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A CurtainUp Los Angeles Review

By David Avery
It's the dead boy, he's doing this to us, making us wait for a moment that will never happen
---Daniel, to the audience, about Lori's murdered son.

Questa, a new play by writer Victor Bumbalo debuting at the Court Theatre, explores the damage a tragedy can do to the lives of the people it affects. In it, we are privy to the victims, perpetrators, and bystanders.

The play begins with Paul (Michael Hagerty) rushing into his sister's apartment, hands and clothes covered in blood. He has just killed a young man in an alley while looking for anonymous sex. His sister, Susan (Alexandra Lydon), is shocked but helps him change, clean up, and hide the incident from her husband Nicholas (Tom O'Keefe). Nicholas is less than thrilled to see Paul, who was dating his best friend Kevin before Kevin died of AIDS (presumably).

The play shifts forward in time to Lori (Wendie Malick), the murdered man's grieving mother. She is being comforted by Father James (Dan Lauria), her parish priest with whom she is also having an affair.

Throughout it all a homeless man named Daniel (Dorian Harewood), who witnessed the murder, comments to the audience about the killing, the people involved, and himself.

The seasoned cast is excellent. Malick transitions believably from mocking homophobe to full press gay-basher (in a verbal sense) as she tries to deal with her son's death ("I hate being around all these gays. Pity just vomits out of them"). Hagerty's Paul drifts gracefully from recklessness to grief induced responsibility. In an attempt to comfort Lori, he tells her "We can only cut away at grief in our own way; chip at it slowly." O'Keefe's Nicholas clearly shows his awareness of his wife's unhealthy fascination with her brother.

It's Harewood's Daniel who steals the show, as a flamboyant chorus and audience confidante. His observations always seem to come from some very deep, personal place of sadness and grief. ("I'll bet you she {Lori} catches him before he catches me -- you see, I'm invisible to the world,").

The themes of this play are numerous: homosexuality, addiction, incest, sin, grief, penance, redemption -- are all tossed together, with no character emerging as a hero, and all equally damaged. The most likable person (Daniel) is a homeless "queer" with a pill addiction that follows people he falls in love with from an alley that is used for illicit sexual encounters.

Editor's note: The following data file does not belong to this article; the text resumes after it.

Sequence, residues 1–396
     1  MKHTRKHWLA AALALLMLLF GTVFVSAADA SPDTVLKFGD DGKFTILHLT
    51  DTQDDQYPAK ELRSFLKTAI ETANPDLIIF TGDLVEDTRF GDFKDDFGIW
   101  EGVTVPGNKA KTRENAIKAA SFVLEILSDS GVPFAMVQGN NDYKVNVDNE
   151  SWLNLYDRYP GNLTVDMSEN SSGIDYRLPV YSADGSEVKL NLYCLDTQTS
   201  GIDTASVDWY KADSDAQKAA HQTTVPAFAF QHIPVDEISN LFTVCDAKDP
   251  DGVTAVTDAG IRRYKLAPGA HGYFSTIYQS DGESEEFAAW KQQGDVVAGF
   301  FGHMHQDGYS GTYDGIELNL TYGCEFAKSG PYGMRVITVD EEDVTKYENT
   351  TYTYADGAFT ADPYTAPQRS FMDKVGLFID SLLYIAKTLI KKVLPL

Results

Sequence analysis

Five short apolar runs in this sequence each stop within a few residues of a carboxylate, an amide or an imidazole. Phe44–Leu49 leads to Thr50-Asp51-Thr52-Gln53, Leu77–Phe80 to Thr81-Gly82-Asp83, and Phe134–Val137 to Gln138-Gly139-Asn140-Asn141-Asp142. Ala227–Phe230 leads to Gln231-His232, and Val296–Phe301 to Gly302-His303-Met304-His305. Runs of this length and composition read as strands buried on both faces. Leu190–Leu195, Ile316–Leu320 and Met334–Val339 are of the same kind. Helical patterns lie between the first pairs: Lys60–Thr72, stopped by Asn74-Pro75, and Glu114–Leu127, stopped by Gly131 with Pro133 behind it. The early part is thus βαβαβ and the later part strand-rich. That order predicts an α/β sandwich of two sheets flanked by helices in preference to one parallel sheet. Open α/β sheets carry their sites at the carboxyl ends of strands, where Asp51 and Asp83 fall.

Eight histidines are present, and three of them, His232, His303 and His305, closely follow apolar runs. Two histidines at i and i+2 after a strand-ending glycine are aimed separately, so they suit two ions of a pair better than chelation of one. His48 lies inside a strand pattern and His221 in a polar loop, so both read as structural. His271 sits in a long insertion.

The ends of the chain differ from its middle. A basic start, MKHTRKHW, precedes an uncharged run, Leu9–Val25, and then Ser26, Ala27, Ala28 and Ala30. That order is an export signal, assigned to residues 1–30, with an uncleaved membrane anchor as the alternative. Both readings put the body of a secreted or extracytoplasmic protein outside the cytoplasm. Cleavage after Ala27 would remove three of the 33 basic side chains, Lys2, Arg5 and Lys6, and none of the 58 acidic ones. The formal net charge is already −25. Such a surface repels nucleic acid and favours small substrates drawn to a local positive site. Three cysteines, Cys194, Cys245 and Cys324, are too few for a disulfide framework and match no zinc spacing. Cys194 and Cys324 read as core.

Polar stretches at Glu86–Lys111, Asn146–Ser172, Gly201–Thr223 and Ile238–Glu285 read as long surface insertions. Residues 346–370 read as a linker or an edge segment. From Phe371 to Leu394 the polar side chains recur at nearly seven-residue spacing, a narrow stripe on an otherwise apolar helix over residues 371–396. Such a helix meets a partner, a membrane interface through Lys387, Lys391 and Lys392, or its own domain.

Joe Cacaci's direction has some nice touches, like the two scenes late in the play that combined different locations on the same stage. The short scenes interspersed with music are very reminiscent of TV dramas. Quick set changes are enabled by Evan Bartoletti's simple sliding screens and some few far-fetched contrivances by the playwright. Fortunately, he is good enough to avoid TV's simplified morality. Consequently, Questa is a smart, interesting play that balances fine acting, a solid production, and important social themes into an audience-friendly forum.

Written by Victor Bumbalo
Directed by Joe Cacaci
Main Cast: Michael Hagerty (Paul), Dorian Harewood (Daniel), Dan Lauria (Father James), Alexandra Lydon (Susan), Wendie Malick (Lori), Bruce Nozick (Richard), Tom O'Keefe (Nicholas)
Alternate Cast (Sunday evening performance only): Terry Davis (Lori), Adam Giordano (Paul), Nick Hoffa (Nicholas), Anthony Holiday (Richard), Bruce Nozick (Father James), Harold Surratt (Daniel), Kincaid Walker (Susan)
Scenic Design: Evan Bartoletti
Costume Design: Alex Jaeger
Lighting Design: Dan Weingarten
Sound Design/Original Music: Steve Goodie
Running time: approximately 2 hours, 20 minutes (including a 15 minute intermission)
The Court Theatre, 722 N. La Cienega Blvd., West Hollywood, CA 90069
From 4/8/05 through 5/15/05
Thursday thru Saturday @ 8pm, Sunday @ 3pm (with alternate cast listed above)
All dates $25
Reviewed by David Avery based on 4/16/05 performance
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